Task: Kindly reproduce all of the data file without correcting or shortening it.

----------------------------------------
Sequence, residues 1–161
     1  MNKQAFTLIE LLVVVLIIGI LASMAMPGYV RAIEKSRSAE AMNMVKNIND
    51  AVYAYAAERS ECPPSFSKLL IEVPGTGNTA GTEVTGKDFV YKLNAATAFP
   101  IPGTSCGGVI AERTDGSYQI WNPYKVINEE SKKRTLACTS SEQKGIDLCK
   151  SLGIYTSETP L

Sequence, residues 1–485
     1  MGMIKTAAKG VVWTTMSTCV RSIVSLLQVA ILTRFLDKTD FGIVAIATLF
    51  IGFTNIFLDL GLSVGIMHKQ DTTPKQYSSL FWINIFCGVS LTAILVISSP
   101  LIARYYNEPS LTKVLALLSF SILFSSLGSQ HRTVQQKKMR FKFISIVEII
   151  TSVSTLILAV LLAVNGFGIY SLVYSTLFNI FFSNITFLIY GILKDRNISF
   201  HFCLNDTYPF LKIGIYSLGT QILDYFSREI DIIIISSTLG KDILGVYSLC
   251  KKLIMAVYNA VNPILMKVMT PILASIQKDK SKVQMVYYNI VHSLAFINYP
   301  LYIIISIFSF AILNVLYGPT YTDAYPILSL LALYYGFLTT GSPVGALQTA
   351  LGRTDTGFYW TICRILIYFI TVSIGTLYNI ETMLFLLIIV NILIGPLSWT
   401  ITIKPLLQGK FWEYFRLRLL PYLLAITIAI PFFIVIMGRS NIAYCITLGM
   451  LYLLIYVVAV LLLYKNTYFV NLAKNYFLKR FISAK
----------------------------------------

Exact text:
Sequence, residues 1–161
     1  MNKQAFTLIE LLVVVLIIGI LASMAMPGYV RAIEKSRSAE AMNMVKNIND
    51  AVYAYAAERS ECPPSFSKLL IEVPGTGNTA GTEVTGKDFV YKLNAATAFP
   101  IPGTSCGGVI AERTDGSYQI WNPYKVINEE SKKRTLACTS SEQKGIDLCK
   151  SLGIYTSETP L

Sequence, residues 1–485
     1  MGMIKTAAKG VVWTTMSTCV RSIVSLLQVA ILTRFLDKTD FGIVAIATLF
    51  IGFTNIFLDL GLSVGIMHKQ DTTPKQYSSL FWINIFCGVS LTAILVISSP
   101  LIARYYNEPS LTKVLALLSF SILFSSLGSQ HRTVQQKKMR FKFISIVEII
   151  TSVSTLILAV LLAVNGFGIY SLVYSTLFNI FFSNITFLIY GILKDRNISF
   201  HFCLNDTYPF LKIGIYSLGT QILDYFSREI DIIIISSTLG KDILGVYSLC
   251  KKLIMAVYNA VNPILMKVMT PILASIQKDK SKVQMVYYNI VHSLAFINYP
   301  LYIIISIFSF AILNVLYGPT YTDAYPILSL LALYYGFLTT GSPVGALQTA
   351  LGRTDTGFYW TICRILIYFI TVSIGTLYNI ETMLFLLIIV NILIGPLSWT
   401  ITIKPLLQGK FWEYFRLRLL PYLLAITIAI PFFIVIMGRS NIAYCITLGM
   451  LYLLIYVVAV LLLYKNTYFV NLAKNYFLKR FISAK